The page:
For the last two weeks, online media has been focused on the death of Trayvon Martin, as more and more people keep asking for the state of Florida to do the correct thing: charge George Zimmerman with a crime. It appears to us that that is a distinct possibility, but it might not happen until after the April 10 grand jury date being scheduled for this incident, but who knows? It could happen next week, too.
In the meantime, another horrific tragedy has occurred in Southern California, and now social media might begin to pay more attention.
This week, TIME's Nina Burleigh asked a simple question in her piece: Where Are The Protests Against the Killing of Shaima Al Awadi? The killing of this Iraqi woman is a chilling tale of American jingoism and racism gone bad. Burleigh writes:
Forty thousand Iraqis live in El Cajon, California, where this week, Shaima Al Awadi, a devout Muslim mother of five, died after being beaten inside her home with a tire iron and left next to note reading “Go back to your country, you terrorist.” Coming on the heels of the Trayvon Martin killing in Florida, there would seem to be many parallels between the two crimes—the hate speech, the prejudice, the innocence of the victims. A One Million Hijabs for Shaima Al Awadi page has even been launched on Facebook, but it’s doubtful that the movement will really catch on because Iraqis still considered dangerous infiltrators in the eyes of Americans…..
The police in El Cajon are still looking for Al Awadi’s killer, whose family reported that they had found a similarly menacing note tacked to their door a week before the attack, which they had dismissed as a joke. The hijab is not the hoodie—yet. Police do not profile muslim women as they most certainly do black men. But only when we see people for their humanity and not their clothes or religious beliefs are we living up to the principles on which this country was founded and should now be evoking.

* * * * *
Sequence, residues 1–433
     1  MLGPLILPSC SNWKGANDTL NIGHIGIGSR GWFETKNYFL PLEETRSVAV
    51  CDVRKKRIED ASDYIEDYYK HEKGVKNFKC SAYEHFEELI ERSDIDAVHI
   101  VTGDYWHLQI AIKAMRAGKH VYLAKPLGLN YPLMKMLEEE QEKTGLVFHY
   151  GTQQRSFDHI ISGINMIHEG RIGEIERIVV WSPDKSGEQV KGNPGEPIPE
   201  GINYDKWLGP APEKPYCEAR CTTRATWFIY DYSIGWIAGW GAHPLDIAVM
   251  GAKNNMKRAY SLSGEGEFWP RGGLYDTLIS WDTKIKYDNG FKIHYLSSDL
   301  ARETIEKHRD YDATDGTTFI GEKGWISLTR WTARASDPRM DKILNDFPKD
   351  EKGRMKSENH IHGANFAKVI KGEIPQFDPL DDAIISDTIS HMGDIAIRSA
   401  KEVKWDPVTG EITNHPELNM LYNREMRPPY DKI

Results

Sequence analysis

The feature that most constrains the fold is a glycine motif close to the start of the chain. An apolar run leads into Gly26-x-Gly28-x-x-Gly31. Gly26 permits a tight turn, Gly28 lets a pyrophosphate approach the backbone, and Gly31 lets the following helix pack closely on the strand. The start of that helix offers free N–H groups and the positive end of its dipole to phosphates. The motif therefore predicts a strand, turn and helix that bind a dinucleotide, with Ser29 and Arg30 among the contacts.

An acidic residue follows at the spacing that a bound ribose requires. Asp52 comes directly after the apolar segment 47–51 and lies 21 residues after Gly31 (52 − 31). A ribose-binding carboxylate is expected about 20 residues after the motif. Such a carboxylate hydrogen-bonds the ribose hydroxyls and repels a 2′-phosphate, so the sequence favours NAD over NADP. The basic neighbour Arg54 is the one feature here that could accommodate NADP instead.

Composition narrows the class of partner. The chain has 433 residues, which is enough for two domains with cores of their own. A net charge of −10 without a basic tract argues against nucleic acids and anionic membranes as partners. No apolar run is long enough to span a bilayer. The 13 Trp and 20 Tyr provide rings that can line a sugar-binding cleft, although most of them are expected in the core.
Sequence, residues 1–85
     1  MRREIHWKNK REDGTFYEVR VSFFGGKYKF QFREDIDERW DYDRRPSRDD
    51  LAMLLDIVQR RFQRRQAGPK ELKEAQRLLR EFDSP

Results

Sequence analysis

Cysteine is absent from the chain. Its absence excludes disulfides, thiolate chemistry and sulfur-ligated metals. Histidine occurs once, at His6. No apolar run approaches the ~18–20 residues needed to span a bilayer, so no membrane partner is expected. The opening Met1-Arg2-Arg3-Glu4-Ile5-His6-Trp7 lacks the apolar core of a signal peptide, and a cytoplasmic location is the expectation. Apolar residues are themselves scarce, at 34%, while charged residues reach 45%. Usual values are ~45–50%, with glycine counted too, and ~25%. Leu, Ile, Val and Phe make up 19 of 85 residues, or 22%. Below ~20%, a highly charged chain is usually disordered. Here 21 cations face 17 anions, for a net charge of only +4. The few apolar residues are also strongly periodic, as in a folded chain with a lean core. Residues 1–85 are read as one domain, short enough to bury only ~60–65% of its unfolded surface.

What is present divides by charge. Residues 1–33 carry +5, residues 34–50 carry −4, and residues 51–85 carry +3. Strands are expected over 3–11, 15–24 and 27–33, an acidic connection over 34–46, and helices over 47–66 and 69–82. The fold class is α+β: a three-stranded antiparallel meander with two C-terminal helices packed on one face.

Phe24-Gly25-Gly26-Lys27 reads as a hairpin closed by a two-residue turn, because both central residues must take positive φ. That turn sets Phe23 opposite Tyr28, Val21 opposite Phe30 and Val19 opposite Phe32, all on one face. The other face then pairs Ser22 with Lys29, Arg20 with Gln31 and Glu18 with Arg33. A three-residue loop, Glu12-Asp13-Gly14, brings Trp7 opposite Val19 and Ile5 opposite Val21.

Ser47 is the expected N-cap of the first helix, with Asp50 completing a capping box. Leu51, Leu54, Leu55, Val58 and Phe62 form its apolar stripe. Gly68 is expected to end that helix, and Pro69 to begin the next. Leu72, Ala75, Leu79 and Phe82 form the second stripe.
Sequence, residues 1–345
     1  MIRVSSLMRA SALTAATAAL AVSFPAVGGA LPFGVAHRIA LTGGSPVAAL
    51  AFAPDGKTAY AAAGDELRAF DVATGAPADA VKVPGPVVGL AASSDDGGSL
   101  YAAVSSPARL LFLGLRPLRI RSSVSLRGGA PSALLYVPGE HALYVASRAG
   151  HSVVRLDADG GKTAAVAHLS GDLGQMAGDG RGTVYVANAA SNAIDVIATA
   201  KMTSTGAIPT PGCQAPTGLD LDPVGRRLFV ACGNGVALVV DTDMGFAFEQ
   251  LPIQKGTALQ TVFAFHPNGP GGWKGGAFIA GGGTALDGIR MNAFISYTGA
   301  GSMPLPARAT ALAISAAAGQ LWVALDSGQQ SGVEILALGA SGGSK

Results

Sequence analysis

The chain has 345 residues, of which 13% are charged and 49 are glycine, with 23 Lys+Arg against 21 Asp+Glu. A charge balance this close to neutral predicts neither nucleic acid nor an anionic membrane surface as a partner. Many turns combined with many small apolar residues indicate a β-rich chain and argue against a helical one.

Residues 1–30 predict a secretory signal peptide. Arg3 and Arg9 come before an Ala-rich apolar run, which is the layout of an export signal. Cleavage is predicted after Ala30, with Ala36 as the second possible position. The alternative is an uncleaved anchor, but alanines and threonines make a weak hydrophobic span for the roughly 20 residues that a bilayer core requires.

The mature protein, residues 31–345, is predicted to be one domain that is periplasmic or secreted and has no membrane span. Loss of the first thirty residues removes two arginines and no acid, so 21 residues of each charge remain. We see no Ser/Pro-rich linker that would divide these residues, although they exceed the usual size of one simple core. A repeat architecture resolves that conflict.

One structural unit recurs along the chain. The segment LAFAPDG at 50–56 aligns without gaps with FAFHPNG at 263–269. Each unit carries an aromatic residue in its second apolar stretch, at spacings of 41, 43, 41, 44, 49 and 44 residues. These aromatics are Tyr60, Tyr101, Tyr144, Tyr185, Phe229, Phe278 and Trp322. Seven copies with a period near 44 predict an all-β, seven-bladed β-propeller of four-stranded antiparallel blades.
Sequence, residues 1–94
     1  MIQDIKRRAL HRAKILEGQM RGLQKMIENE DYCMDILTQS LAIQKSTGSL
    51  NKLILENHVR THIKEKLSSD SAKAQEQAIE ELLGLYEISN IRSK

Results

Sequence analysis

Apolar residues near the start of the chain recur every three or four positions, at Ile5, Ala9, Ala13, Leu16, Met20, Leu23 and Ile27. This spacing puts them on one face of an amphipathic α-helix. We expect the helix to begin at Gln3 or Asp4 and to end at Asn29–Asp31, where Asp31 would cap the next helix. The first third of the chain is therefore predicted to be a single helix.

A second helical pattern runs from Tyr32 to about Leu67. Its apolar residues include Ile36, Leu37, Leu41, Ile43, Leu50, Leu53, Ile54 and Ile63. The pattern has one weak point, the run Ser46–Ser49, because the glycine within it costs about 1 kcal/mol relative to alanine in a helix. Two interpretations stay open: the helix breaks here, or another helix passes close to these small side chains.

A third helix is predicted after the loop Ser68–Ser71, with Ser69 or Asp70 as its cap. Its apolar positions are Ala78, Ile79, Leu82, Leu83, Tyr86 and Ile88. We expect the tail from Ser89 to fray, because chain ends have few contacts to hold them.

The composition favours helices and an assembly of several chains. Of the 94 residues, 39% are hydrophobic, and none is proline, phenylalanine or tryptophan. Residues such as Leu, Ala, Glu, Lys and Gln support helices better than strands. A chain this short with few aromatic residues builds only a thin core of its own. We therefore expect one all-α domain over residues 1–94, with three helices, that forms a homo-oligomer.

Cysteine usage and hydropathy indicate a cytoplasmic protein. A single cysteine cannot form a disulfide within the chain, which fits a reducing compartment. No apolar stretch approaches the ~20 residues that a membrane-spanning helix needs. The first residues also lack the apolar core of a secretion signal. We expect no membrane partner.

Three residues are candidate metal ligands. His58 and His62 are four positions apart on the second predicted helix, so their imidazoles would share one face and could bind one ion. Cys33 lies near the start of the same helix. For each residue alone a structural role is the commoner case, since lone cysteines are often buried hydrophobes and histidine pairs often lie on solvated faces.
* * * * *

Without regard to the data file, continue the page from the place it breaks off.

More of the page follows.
As with any incident that might be viewed as being unjust, social media does not instantly make something viral. It takes some time for the awareness to build and tonight, just two days after the TIME was published, we are seeing signs that this story might gain more interest. For example, the Facebook page has 9,151 likes, but MORE IMPORTANTLY, 8,046 people are talking about it tonight. That is an outstanding Facebook ratio. And tonight at the University of North Carolina, this powerful picture was taken and is starting to be shared on social media: ere is just one example, taken at the University of North Carolina: